So you heard that Boise State got in trouble from the NCAA, and you want to know more. Like, what does this mean for the football team? And, why does the NCAA hate hide-a-beds so much? And, where can I sign up for women's tennis?
Well, thankfully there is a truckload of reporting on the topic, and just as thankfully, OBNUG has made a handy Cliffs Notes version for your Internet perusal. Join me after the jump for an overview of the Boise State Infractionpalooza, what it all means, and just how crazy the NCAA really is.
Story: "Boise State imposes penalties on athletics" by Brian Murphy, Idaho Statesman
The Bronco football team took the initiative to impose its own penalties prior to a formal NCAA hearing on June 10. Those penalties include forefeiture of three scholarships and six preseason practices over the course of the next two years. Also, Coach Pete and staff received a letter from the school about the rules violations. Rumored title: "Transgressors: Dark Side of the Couch."
It is possible that the NCAA will hand down stiffer sanctions if they indeed find Boise State guilty of lack of institutional control.
Also of note: The NCAA wrote a 39-page paper to Boise State in December, outlining the violations. Boise State responded with a 1,500-page paper ... single-spaced in Comic Sans, one would hope.
Story: "Boise State plans to show it has control of athletics" by Brian Murphy, Idaho Statesman
The Statesman got hold of Boise State's 1,500-page response to the NCAA thanks to the Freedom of Information Act and the world's largest thumb drive. That response acknowledges that rules were violated (stupid rules, but still ...), but the school vehemently denies a "lack of institutional control," even when it comes to the school's egregiously lax women's tennis team. Let BSU prez Bob Kustra tell you how it is:
"I don't think the institutional control charge is fair when it comes to the tennis violation," Kustra said. "We had no way of knowing a coach would do those things. When we found out, immediately we fired him. That's what I call institutional control."
Warning: Do not try rational arguments with the NCAA, Dr. Kustra.
Story: "Boise State's most serious violation," by the Idaho Statesman staff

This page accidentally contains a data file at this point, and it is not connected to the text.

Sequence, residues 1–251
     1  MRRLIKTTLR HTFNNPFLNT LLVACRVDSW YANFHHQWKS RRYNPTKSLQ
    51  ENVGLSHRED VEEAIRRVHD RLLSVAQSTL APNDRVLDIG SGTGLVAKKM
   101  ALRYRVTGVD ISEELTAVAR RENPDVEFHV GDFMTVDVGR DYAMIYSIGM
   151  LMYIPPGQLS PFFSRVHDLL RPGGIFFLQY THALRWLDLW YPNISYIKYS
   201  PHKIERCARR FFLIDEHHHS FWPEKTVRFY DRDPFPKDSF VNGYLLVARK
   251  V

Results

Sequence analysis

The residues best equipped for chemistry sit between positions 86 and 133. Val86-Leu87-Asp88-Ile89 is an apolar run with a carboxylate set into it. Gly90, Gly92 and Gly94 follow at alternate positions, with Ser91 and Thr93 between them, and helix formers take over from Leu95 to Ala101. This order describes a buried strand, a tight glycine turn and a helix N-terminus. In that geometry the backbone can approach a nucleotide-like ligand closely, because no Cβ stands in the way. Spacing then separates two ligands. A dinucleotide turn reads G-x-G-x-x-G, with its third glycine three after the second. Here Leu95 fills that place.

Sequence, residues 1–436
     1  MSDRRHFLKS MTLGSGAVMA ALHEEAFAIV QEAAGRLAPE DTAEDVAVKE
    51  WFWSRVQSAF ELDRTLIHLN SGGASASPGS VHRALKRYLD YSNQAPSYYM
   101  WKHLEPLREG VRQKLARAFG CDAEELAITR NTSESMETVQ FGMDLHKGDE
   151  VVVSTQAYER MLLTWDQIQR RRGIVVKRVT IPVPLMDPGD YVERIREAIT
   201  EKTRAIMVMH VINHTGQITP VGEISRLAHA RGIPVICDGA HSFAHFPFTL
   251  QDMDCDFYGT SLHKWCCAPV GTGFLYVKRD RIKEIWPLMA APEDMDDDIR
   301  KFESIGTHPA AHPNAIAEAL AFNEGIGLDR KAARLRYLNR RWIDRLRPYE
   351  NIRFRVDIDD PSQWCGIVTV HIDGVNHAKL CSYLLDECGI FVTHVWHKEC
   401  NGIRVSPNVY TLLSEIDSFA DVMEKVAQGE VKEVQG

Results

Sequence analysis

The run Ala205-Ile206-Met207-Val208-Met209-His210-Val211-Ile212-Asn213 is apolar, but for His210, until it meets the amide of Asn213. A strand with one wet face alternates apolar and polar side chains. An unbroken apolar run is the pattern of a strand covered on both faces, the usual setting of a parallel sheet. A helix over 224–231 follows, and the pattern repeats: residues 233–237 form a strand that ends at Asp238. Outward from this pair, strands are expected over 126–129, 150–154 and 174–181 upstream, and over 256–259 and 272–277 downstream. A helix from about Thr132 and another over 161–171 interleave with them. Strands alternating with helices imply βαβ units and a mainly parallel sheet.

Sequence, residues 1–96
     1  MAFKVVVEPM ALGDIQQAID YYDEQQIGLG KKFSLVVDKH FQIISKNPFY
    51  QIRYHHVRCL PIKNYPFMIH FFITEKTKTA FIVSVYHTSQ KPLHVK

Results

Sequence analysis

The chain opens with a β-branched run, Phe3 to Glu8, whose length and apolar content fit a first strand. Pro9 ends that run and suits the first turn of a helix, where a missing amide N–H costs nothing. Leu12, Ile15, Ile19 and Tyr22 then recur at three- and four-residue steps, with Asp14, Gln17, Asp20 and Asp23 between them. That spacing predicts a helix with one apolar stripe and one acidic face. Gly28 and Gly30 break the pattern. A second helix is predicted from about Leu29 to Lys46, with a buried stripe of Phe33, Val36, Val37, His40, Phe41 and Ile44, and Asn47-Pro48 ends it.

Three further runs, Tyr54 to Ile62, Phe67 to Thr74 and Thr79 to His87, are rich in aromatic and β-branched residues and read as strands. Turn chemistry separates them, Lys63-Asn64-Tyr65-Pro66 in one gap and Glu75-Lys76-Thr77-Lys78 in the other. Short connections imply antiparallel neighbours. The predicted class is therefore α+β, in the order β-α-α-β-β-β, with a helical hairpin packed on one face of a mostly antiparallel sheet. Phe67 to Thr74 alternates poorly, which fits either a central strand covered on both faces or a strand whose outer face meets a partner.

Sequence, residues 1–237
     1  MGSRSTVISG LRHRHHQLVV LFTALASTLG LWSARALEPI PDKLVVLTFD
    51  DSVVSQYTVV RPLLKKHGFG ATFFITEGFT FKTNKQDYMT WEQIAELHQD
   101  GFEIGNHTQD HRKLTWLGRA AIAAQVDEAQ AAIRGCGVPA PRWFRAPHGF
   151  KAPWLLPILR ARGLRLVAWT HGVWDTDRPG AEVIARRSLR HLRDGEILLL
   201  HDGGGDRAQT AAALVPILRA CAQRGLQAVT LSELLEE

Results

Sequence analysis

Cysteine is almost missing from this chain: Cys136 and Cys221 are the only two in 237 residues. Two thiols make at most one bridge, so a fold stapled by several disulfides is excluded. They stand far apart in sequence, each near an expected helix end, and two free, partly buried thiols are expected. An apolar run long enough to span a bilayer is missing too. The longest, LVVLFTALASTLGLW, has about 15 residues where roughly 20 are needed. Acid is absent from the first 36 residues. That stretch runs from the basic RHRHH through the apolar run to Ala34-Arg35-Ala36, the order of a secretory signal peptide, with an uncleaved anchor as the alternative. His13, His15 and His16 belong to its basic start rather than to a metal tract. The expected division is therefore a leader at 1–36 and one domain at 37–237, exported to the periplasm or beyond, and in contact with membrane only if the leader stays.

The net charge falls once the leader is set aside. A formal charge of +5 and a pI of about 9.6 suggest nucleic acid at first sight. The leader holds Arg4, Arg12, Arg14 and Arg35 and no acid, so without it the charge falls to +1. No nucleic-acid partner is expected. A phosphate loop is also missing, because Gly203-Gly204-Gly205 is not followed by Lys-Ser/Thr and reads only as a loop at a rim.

Based on the specific details of the women's tennis violations, it sounds like former Boise State women's tennis coach Mark Tichenor had his heart in the right place. The recruit who received improper benefits was struggling to learn the English language, and many of the expenses went toward English classes and tests that were required for enrollment. Of course, Tichenor and staff also lied about every single aspect of this player's recruitment and actually played her in a tournament when she wasn't part of the team. So yes, I could see how the NCAA would frown upon that.
Story: "Boise State dealing with NCAA infractions," by Dave Southorn, Idaho Press-Tribune
Noteworthy: A final decision from the NCAA could take months. It could be the Duke Nukem of sanction reporting.
Story: "Boise State self-imposes sanctions," by Andrea Adelson, ESPN
According to Andrea Adelson, Boise State's self-imposed preseason practice ban may have the biggest impact because "that Virginia Tech game wasn't exactly a work of art." Also, Boise State lost to Georgia in 2005.
Story: "Petersen responds to NCAA allegations," by Mark Johnson and Ryan Larrondo, KTVB
A former Portland State athletic director thinks Boise State screwed the pooch on this one.
Story: "What are the 22 allegations that the NCAA is making against Boise State?" by Brian Murphy, Idaho Statesman
The NCAA found 20 major violations against Boise State, including the aforementioned Sleepover Scandal by the football team. The NCAA considers these to be major violations because "they are not secondary violations." Conclusion: The NCAA needs a thesarus.
Story: "Boise State football tried to fix summer housing issue, created more NCAA violations," by Brian Murphy, Idaho Statesman
You'll really like this one.
Boise State worked directly with the NCAA in order to comply with the summer housing rules only to find out days before its 2009 season opener against Oregon that - oh by the way - the way they were doing it was still wrong and they either had to come clean on 23 more violations or risk future penalties that could involve vacated wins. What a crazy, Two and a Half Men premise this turned out to be!
Bronco coaches were led to believe that everything was above board so long as incoming players did not receive housing or meals or transportation for free. Turns out, Bronco coaches cannot even arrange any type of housing/meals/transportation. To avoid playing the Oregon game with ineligible players, the Broncos reported the additional violations and received reinstatements for the offending players.
This will make a great Idaho Shakespeare Festival play some day. Seth Rogen is Brian Murphy in The Taming of the Air Mattress!
What do you make of all these allegations? Has the NCAA lost its mind? Will you ever sleep on a couch again without feeling a tinge of remorse? Share your thoughts in the comments.